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Chad

Yearbook 2011

Chad. After many delays, the regime in February conducted the country's first parliamentary elections in eight years. Since President Idriss Déby 2010 improved relations with Sudan, where Chadian rebel camps were previously allowed, the security situation was calmer. Before the election, the opposition accused the state election commission's chief of cheating with candidate lists and demanded his resignation. The regime surprisingly agreed to it. But in the election, President Déby's party of the Patriotic Rescue Movement (MPS) prevailed, according to official results. The MPS received 110 of Parliament's 188 seats, and a further 21 seats went to parties allied with Déby. According to Countryaah official site, most successful in the opposition was the National Union for Development and Renewal, which took 11 seats.

2011 Chad

The leading opposition parties accused Déby's party of rigging the election. Some results were also declared invalid after the Constitutional Court found irregularities. But the opposition did not hear of its demands for reform of the electoral system ahead of the next presidential election. Among other things, the requirement for reprinting of voting cards was rejected after finding old voting cards for sale on the market in the capital N'Djamena.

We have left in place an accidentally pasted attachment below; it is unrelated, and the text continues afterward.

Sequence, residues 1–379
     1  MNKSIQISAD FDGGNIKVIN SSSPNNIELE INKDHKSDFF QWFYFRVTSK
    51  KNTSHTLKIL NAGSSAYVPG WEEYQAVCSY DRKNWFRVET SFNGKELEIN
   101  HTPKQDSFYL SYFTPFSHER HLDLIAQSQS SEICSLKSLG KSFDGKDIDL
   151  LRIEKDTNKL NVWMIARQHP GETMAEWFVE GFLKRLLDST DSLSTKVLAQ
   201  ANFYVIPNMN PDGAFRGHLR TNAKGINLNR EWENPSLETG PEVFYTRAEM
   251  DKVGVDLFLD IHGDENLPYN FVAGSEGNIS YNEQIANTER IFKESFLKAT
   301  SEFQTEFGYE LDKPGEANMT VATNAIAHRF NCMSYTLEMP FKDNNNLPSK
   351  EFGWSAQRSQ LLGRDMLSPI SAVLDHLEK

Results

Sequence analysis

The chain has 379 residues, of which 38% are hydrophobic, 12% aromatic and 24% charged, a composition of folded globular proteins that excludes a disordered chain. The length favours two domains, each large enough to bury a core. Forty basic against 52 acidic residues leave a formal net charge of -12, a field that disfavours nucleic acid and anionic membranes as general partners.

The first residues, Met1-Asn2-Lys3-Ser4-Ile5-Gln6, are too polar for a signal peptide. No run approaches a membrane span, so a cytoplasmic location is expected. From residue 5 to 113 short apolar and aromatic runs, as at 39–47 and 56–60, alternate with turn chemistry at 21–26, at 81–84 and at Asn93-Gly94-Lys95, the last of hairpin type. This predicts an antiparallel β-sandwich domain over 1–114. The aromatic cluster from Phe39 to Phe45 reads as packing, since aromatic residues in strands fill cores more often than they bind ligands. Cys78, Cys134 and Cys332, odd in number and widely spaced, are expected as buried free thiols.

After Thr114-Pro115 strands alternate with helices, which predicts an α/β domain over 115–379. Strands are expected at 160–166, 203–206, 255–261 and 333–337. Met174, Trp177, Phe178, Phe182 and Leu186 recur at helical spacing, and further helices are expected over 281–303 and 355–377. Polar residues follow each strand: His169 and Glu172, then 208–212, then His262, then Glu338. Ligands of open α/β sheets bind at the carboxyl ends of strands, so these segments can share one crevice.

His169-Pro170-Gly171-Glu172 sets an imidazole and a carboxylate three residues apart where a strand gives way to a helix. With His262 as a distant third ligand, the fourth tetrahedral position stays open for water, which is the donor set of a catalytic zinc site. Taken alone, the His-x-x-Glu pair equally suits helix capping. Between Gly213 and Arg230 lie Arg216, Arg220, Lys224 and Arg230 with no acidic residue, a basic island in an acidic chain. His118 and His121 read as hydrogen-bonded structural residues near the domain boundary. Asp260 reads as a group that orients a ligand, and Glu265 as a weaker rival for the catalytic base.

Three of the most important opposition leaders, Ngarlejy Yorongar, Saleh Kebzabo and Wadal Kamougue, therefore boycotted the presidential election in April, and Déby had only two counter-candidates and these came from small parties. According to the Election Commission, Déby won with 89% of the vote, a result that was questioned by the opposition and election observers. Later, the Constitutional Court ruled that Déby won by 83.6%. The turnout was 55.6%.

After more than 20 years in power, Déby had thus been re-elected for a fourth term. He himself emphasized that the country's oil income gave the people new schools, hospitals and roads, and in addition, the civil disputes had diminished. But despite oil revenues, Chadian society had remained one of the poorest in Africa. During an international campaign to vaccinate children in the poorest countries, it was found that Chad was the country with the highest proportion of unvaccinated children, 77%.

Many Chadians who applied to North Africa as guest workers tried to escape the uprising there at the beginning of the year, mainly from Libya, where the opposition accused black Africans of being mercenaries in al-Khadaffi's service. About 40,000 Chadians fled south from the civil war in Libya in very difficult desert conditions. The guest workers' flight meant major deterioration for families in Chad who lived on home money.

In July, Senegal announced that it would extradite former Chadian President Hissène Habré to Chad, where he is accused of the death and torture of tens of thousands of opponents during his time in power. However, Senegal later amended the decision to extradite Habré since the UN Human Rights Commissioner expressed concern that Habré would be tortured in Chad.

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